CBA Nevada 2021 lost a heartbreaker to MBA Utah 2021 in walk-off fashion, but CBA’s Jaden Harris (2021, Millville, Utah.) had a lights out performance on the mound. Harris has a large frame with a good arm that took a couple of innings to warm up to full potential. By the third he was sitting 83-86 mph and was touching 87. In every aspect he feels like a low effort, free flowing arm down the mound as there isn’t much violence to his motion whatsoever. At times his fastball does have some downward angle, but scouts would like to see it gain more action as he progresses. His 11-to-5 curveball was dominant on the day and is a plus pitch that showed glimpses of plus-plus ability. It has hard late bite and falls off the table when down in the zone. Harris looks very comfortable with it as well, throwing it in any count to any batter. He throws a 79 mph changeup as well that is straight and has some sink but hitters weren’t biting on the pitch. If Harris can improve his arm action on his secondary pitches his already fantastic breaking ball will become an absolute nightmare and something coaches at the next level simply can’t ignore.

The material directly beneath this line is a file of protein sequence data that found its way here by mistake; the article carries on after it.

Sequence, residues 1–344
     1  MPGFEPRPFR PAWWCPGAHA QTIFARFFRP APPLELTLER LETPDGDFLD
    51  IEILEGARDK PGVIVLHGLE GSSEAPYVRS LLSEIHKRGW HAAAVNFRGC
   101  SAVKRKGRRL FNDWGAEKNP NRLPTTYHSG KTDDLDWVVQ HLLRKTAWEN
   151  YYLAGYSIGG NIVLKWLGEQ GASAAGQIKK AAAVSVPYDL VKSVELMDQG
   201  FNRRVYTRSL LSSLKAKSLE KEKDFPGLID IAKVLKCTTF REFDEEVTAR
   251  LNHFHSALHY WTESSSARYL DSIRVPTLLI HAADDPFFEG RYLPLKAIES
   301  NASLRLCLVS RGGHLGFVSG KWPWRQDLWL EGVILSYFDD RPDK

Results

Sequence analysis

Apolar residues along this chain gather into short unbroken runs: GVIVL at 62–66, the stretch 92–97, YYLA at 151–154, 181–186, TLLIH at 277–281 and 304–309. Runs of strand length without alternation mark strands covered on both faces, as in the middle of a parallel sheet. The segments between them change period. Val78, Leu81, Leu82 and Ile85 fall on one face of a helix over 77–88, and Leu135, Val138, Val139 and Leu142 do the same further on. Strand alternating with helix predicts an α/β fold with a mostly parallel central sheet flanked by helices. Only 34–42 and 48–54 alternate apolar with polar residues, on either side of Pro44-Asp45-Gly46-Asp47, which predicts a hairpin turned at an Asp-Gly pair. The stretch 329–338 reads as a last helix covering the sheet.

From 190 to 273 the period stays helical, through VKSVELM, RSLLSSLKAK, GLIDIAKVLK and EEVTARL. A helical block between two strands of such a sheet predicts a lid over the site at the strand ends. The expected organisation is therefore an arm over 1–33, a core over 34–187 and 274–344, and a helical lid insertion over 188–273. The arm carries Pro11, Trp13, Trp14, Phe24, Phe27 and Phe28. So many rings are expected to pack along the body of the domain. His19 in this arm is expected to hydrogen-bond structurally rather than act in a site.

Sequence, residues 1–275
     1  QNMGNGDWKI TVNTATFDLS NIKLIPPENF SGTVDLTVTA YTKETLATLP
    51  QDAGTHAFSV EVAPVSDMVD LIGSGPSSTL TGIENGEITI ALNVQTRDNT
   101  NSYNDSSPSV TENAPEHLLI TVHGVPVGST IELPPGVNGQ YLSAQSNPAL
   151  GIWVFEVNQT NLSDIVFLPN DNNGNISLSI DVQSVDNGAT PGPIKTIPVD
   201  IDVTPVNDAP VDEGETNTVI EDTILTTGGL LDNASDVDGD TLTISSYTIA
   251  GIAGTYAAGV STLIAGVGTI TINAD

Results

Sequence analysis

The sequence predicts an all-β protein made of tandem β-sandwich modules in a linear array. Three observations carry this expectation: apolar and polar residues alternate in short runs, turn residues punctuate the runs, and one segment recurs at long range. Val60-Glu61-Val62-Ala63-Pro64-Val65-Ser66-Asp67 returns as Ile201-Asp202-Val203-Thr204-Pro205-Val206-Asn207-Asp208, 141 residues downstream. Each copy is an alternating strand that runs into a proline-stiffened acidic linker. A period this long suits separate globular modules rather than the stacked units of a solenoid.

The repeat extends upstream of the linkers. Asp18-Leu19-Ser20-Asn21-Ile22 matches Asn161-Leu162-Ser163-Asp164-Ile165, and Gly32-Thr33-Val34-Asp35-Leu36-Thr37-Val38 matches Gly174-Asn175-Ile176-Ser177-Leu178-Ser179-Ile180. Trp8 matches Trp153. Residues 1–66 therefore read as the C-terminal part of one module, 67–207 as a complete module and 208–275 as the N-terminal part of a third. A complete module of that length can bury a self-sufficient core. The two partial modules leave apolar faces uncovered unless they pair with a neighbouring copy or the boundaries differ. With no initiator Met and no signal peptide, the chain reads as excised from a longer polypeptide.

MountainWest handed Team California USA their first loss of the tournament thanks to sidearm slinger Colton Sundloff (2021, Erda, Utah.). Sundloff went 4 2/3 innings allowing no runs while fanning two. He has a short arm action that he doesn’t reach back far with and slings it to a high sidearm to low three-quarters slot. It’s surprising how much he can get on his fastball at that slot as he touched 86 mph on a few occasions. Moreover, his fastball frequently had a large amount of sink to it as he’s able to really get on top of the ball at that slot. He has a 9-to-3 slurve that floats directly across the plate and it has a hump in it out of the hand. The problem with the pitch is he really has to force himself to get around it to get the bite that it needs to be effective and in doing so telegraphs that a breaking ball is coming. Sundloff also threw what could have been a changeup or a sinker that tumbles much like a split but he tends to miss arm side with the pitch. His stuff proved to be very tough on righties as the window starts behind their bodies and he’s a very interesting follow going forward.

– Connor Spencer